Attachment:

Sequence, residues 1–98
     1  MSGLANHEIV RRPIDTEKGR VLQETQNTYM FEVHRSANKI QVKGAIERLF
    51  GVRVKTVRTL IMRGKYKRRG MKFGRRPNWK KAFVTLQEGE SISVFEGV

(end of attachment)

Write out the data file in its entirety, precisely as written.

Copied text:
Sequence, residues 1–98
     1  MSGLANHEIV RRPIDTEKGR VLQETQNTYM FEVHRSANKI QVKGAIERLF
    51  GVRVKTVRTL IMRGKYKRRG MKFGRRPNWK KAFVTLQEGE SISVFEGV